If the average woman makes 77 percent of what a man makes for equal work, maybe she should only pay 77 percent for the purchases she makes as well.
That's the idea, at least, behind a six-week campaign spearheaded by Lean In DC, the local chapter of Sheryl Sandberg's Lean In movement. The group convinced about a dozen local businesses to offer 23 percent discounts to customers on Tuesday, which is Equal Pay Day, as a way of raising awareness of the gender pay gap and highlighting the differences that can exist between men's and women's paychecks.
Equal Pay Day marks the symbolic point in the year when women's earnings catch up with their male peers' — that is, a woman would have to work from January 1, 2013 until April 8, 2014 to make what a man made in 2013 alone. Tied to Equal Pay Day, President Obama is issuing executive orders related to the wage gap. And a vote in the Senate on the Paycheck Fairness Act is expected this week.
"Hearing those same old numbers every year is bound to cause some fatigue," says Madeline Meth, 24, the Lean In group's founder and president, whose day job is in media relations at the Center for American Progress. "That was the idea behind trying to do something different to raise awareness."
Local D.C. businesses such as Boundary Road, Pizzeria Paradiso, Bar Method DC and Uber — in addition to nine others — agreed to offer the discount, though some are only doing so during certain hours, for certain items or via online-only deals. And in an interesting twist, the discount will be offered to both women and men. "It helps to underscore that 23 percent really makes a difference," Meth says. "In the end, equal pay is not just a women's issue. It's a family issue and an economic issue, too."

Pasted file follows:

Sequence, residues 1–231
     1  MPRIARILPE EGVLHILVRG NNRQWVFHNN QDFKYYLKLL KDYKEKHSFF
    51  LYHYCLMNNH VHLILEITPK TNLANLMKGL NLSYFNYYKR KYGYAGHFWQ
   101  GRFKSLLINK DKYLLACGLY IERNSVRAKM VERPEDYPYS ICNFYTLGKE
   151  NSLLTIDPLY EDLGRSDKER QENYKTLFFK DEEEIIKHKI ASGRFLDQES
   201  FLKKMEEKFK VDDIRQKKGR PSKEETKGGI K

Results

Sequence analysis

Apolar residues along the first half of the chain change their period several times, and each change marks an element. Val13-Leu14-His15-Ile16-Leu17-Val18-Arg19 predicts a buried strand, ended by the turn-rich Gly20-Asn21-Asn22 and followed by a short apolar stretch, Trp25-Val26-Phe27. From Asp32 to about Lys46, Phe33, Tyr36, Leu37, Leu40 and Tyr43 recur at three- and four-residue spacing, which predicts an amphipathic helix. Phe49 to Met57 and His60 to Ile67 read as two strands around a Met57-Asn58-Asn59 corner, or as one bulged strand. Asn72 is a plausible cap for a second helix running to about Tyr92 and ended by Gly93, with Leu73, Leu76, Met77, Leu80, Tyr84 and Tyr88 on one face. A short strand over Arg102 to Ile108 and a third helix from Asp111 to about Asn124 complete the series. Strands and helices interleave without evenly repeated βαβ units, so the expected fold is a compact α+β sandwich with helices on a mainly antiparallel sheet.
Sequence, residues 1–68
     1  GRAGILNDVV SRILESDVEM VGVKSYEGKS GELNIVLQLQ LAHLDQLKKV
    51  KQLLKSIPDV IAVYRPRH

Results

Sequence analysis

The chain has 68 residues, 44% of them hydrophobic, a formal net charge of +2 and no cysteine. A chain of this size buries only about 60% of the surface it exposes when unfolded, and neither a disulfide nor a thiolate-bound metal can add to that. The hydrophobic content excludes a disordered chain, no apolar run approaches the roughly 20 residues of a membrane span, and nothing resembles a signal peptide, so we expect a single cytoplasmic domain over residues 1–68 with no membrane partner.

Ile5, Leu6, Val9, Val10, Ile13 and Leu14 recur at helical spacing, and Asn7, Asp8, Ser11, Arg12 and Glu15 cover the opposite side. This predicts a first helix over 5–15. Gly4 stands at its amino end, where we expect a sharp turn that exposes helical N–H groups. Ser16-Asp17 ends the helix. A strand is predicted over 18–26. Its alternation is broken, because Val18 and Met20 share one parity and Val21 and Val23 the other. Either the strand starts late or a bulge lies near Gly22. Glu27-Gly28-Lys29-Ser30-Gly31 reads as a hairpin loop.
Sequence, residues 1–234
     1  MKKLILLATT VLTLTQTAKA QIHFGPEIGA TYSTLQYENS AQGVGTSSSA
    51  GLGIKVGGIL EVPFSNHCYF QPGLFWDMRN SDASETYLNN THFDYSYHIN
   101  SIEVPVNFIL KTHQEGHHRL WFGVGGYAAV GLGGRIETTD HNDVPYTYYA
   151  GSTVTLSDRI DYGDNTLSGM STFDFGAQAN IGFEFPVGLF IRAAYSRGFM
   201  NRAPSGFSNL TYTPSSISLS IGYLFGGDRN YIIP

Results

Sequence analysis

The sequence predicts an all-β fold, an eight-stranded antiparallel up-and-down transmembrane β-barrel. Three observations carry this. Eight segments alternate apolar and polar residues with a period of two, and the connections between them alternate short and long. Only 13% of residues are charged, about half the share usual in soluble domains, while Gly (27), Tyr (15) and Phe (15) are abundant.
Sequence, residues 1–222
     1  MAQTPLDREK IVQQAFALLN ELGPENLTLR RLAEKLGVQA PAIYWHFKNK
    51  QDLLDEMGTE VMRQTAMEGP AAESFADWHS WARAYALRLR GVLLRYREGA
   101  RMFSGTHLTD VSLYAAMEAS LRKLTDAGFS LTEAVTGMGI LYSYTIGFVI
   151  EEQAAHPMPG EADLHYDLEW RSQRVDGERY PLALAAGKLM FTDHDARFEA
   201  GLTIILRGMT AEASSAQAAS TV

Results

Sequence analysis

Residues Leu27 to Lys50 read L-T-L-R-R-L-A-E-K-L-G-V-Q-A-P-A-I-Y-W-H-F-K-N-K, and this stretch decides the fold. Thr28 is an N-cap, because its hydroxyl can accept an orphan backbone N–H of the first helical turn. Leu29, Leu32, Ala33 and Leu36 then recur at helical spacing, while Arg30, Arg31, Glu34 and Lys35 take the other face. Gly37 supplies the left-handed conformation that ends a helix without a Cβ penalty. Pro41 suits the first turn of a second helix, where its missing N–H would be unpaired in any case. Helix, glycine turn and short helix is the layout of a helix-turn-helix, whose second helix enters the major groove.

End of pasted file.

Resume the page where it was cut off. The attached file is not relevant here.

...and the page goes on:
The idea originated from Meth and her seven-member board, who are mostly twenty-something young women trying to advance their careers by following Sandberg's manifesto. Their group, an umbrella organization for D.C.-area Lean In "circles," hosts monthly discussions, trainings and networking opportunities. Six weeks ago, they shared their idea with the national organization, which put them in contact with a few other local groups around the country. As a result, a handful of businesses in San Francisco and New Haven, Conn. will also be offering Equal Pay Day deals.
In addition to raising awareness about the gender pay gap, Meth said the campaign gave her and her young team the chance to practice their negotiating skills and get more comfortable with making requests from businesses and political leaders. For instance, after seeing a segment on the Today Show about Rep. Debbie Wasserman Schultz (D-Fla.) and her congressional roommates, they decided to ask the congresswoman if she'd be willing to stop by the happy hour they coordinated for Tuesday evening at the Capitol Hill location of Hank's Oyster Bar.
She agreed. "It was one of these reminders that if you don't make the ask, there's no fairy godmother who's going to grant these wishes," Meth says. "But when you do, oftentimes they say yes."
The gender pay gap in Washington D.C. is actually narrower than in any state in the country. Women here make 90 percent of what men make, according to the American Association of University Women. So did Meth and her team consider making the discount 10 percent instead of 23 percent, perhaps getting even more businesses to sign on? No. "We wanted to raise awareness outside of DC," says Meth, who hopes the campaign will eventually spread across the country. "We wanted this to be a larger story."